SELLING TO FRANCHISEES: How do you find and attract leads?

We were recently contacted by a U.S. fitness brand and asked to reach out to the master partner of a successful U.S. franchise and introduce their franchise opportunity to him. In the U.S. this would be a normal approach. However, this brand was trying to enter a market where multi-unit franchisees are still strange animals. Don't even think about multi-brand at this stage.

Further, there is practically no private equity involvement in German franchising, and there aren't any franchise companies like Yum Brands or Roark Capital to speak of. JAB Holdings is a German exception. It is telling that their food brands are all non-German. As a result, for masters you will be looking for high net-worth individuals, and they expect a local approach. This is why some international franchisors are looking at joint ventures as a vehicle to enter the German market.

Once you have found leads who request information, make sure the information you give them is culturally appropriate. The U.S. is proud of its military and, based on the successes U.S. franchises have had with veterans, it is not surprising that some may compare their training to a military camp. While this may work in some European countries, for historic reasons it won't work in Germany, Austria, or other countries.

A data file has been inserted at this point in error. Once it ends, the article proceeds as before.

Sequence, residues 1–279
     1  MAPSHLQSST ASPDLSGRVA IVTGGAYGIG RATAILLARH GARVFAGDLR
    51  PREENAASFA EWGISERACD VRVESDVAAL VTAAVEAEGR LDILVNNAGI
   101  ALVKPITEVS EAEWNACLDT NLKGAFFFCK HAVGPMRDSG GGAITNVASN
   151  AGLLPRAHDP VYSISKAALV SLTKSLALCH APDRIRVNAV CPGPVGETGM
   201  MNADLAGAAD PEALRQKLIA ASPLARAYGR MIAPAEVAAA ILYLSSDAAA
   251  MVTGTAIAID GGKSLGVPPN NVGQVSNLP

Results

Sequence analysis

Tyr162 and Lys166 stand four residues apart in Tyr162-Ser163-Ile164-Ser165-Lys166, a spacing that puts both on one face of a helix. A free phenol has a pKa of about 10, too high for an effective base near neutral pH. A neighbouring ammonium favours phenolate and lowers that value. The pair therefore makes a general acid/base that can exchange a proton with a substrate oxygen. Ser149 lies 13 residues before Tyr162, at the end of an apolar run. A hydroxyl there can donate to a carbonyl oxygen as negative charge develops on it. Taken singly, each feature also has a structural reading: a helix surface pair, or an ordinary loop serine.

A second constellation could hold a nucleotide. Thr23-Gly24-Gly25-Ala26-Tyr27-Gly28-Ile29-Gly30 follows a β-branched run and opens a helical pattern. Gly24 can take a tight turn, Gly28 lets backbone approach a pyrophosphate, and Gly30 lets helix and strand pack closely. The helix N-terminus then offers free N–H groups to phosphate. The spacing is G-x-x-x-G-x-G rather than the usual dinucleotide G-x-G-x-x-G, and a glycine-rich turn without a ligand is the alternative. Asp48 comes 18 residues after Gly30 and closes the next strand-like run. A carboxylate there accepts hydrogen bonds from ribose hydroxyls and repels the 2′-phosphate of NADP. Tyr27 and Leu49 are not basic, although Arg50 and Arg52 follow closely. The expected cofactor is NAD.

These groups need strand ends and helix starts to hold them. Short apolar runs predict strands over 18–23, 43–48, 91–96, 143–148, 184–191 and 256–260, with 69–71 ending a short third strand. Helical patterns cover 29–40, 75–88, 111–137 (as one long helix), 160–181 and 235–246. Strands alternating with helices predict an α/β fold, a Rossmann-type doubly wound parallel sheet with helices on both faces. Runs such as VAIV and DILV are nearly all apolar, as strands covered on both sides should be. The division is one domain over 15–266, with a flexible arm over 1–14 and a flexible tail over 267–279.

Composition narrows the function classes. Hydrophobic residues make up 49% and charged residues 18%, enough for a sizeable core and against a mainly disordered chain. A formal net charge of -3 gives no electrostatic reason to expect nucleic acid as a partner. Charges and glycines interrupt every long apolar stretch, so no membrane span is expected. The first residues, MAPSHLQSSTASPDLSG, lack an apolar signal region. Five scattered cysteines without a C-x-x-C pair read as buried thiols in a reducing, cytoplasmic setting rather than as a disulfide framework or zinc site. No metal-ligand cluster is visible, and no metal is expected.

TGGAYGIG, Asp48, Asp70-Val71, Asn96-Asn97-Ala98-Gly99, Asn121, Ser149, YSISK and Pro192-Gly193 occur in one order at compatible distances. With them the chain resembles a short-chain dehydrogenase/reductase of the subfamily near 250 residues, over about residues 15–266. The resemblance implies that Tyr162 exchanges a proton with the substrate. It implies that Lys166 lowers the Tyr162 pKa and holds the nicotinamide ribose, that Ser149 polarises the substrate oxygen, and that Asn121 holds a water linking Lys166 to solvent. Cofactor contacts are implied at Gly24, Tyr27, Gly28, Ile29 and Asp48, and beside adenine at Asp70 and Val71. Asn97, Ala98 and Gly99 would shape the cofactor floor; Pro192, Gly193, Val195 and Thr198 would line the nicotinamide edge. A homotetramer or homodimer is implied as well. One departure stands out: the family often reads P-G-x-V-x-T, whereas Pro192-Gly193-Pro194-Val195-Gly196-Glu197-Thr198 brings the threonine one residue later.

Two more examples of adapting to international markets: Latin American Spanish differs in some ways from its European origins and a professional brochure should reflect this; and you may want to use the British way of spelling when marketing your franchise opportunity in the U.K.

International expansion is hard enough. Don't make it harder than it has to be. This is why we tell our clients at FPI to make sure they involve consultants and brokers with local expertise and networks.

 Peter Schwarzer is managing director of LeOS Franchise Consulting, a Munich-based consulting company with partners throughout Europe, the U.S., and Australia. He also is a partner of Franchise Pool International, a global network of franchise consultants and brokers.

Published: June 27th, 2019